The range of crises on the agenda of the Security Council at the start of 2015, as well as progress in Haiti seen on a recent visiting mission, showed the importance of addressing the root causes of conflict, the Permanent Representative of Chile, President of the body for January, said in a monthly wrap-up meeting this morning.
In that light, Cristián Barros Melet underlined the importance of the open debate held in January on “Inclusive Development and the Maintenance of International Peace and Security”, presided over by Chilean President Michelle Bachelet. Thanking Council members for their work during the month, Mr. Barros particularly expressed appreciation for their contributions to the presidential statement that resulted from that debate.
Ahead of the President’s statement, Council members took the floor, with most expressing appreciation for the Haiti visit and voicing hope it would help to resolve the political deadlock there. As well, members commended the open debate held on inclusive development, although the representative of the Russian Federation, Vitaly Churkin, cautioned against the Council delving too far into the work of other bodies.
Many also welcomed the holding of Arria Formula and interactive-format meetings during the month, with Lithuania’s representative, Raimonda Murmokaitė, and others urging greater use of such innovative formats, including so-called “horizon-scanning” sessions. They underlined as well the importance of the open meeting on protection of civilians in armed conflict, which had been postponed until tomorrow.
Most speakers, in addition, expressed deep concern over developing crises such as those in Yemen, Libya and Ukraine, with some expressing regret that the Council could not reach consensus on timely action.
Continuing violence by extremists, particularly the self-proclaimed Islamic State in Iraq and the Levant/Sham (ISIL/ISIS), was also a topic of much discussion this morning. The representative of Nigeria, Kayode Laro, and the representative of France, François Delattre, thanked the international community for the concern expressed over terrorist attacks in their countries.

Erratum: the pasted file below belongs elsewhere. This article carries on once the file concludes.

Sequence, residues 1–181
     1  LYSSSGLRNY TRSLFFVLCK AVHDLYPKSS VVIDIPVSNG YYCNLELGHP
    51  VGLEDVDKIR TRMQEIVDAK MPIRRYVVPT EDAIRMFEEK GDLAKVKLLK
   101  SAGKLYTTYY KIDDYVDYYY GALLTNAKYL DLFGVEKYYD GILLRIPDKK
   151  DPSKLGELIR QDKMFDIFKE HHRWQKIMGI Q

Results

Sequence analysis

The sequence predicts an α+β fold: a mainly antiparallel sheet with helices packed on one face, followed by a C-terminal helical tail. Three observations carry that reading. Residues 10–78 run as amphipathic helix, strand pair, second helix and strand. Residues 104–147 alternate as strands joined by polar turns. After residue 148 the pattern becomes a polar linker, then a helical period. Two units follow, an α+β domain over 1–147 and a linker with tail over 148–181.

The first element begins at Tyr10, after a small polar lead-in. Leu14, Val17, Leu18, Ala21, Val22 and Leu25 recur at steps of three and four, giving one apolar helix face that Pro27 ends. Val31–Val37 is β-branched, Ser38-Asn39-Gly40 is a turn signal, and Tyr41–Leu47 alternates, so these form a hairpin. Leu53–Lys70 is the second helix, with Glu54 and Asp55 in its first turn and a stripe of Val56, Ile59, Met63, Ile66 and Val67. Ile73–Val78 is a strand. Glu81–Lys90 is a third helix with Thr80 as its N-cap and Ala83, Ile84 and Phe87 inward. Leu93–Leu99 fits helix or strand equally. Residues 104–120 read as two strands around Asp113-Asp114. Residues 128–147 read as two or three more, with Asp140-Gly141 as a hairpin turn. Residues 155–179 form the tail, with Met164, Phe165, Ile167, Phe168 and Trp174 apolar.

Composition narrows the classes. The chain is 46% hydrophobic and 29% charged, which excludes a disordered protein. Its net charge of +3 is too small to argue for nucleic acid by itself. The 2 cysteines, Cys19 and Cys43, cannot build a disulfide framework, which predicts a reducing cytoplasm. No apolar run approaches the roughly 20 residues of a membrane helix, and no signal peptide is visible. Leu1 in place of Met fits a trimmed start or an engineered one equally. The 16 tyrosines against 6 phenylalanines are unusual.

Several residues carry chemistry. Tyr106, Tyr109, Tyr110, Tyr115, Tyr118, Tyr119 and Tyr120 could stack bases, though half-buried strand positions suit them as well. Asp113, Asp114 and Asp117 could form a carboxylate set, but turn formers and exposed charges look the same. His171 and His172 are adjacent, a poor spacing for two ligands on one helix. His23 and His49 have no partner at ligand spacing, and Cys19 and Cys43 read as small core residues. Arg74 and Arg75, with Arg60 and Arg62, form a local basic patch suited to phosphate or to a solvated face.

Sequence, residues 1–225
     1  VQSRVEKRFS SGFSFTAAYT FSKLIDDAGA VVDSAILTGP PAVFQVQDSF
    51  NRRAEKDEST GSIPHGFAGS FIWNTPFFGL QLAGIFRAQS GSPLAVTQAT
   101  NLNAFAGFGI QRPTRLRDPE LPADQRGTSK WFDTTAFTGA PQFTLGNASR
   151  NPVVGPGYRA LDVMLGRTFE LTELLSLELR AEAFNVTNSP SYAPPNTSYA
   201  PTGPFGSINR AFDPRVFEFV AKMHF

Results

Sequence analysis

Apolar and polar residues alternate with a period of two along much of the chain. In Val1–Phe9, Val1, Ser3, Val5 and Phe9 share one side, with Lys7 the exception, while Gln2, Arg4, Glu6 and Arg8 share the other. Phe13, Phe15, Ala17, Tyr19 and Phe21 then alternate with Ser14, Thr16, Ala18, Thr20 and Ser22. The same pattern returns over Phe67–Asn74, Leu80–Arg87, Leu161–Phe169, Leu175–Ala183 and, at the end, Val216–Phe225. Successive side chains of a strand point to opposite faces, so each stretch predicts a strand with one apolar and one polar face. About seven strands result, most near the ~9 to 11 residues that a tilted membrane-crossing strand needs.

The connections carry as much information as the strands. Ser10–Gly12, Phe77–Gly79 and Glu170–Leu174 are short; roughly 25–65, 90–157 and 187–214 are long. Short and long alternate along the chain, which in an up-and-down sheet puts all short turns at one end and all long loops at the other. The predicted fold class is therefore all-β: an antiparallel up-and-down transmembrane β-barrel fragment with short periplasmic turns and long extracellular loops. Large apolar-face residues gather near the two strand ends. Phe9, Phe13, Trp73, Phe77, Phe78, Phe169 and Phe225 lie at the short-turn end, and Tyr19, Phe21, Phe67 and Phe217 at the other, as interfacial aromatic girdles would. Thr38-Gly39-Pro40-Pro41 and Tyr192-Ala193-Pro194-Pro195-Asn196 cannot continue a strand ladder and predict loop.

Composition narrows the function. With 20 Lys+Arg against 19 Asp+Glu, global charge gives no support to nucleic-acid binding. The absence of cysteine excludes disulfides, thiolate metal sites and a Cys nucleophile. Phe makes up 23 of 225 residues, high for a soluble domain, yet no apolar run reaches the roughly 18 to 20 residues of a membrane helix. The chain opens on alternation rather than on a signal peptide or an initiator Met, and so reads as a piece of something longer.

Most speakers also expressed regret that little progress had been made on the Syrian crisis, the Middle East, including the Palestinian question, and other persistent challenges. Deep concern was voiced over developments in the Central African Republic, attacks in Mali and the stalled demobilization of armed groups in the Democratic Republic of the Congo, among other ongoing situations.
The representatives of new Council members Angola, New Zealand, Malaysia, and Spain — Ismael Abraão Gaspar Martins, Jim McLay, Hussein Haniff and Fernando Fernández-Arias Minuesa, respectively — affirmed the formidable challenges facing the body while underlining their strong belief in its continued relevance.
Members also emphasized the necessity of unity for the Council’s effectiveness; crises on which little progress had been made were situations on which consensus was lacking. Venezuela’s representative, Rafael Darío Ramírez Carreño, called for continuing attention to inequality and marginalization as contributors to conflict, as addressed by the open debate on inclusive development.
Some members, urging timely action on developing situations, expressed appreciation for meetings that had been called on short notice. In that context, Mr. McLay of New Zealand urged the reaching of swift consensus on such situations so that the Council action stayed relevant. Some speakers, on the other hand, called for more time to consider texts for which the deadline was known in advance.
Also speaking were representatives of China, United States, Chad, United Kingdom and Jordan.
The meeting started at 10:30 a.m. and ended at 12:00 p.m.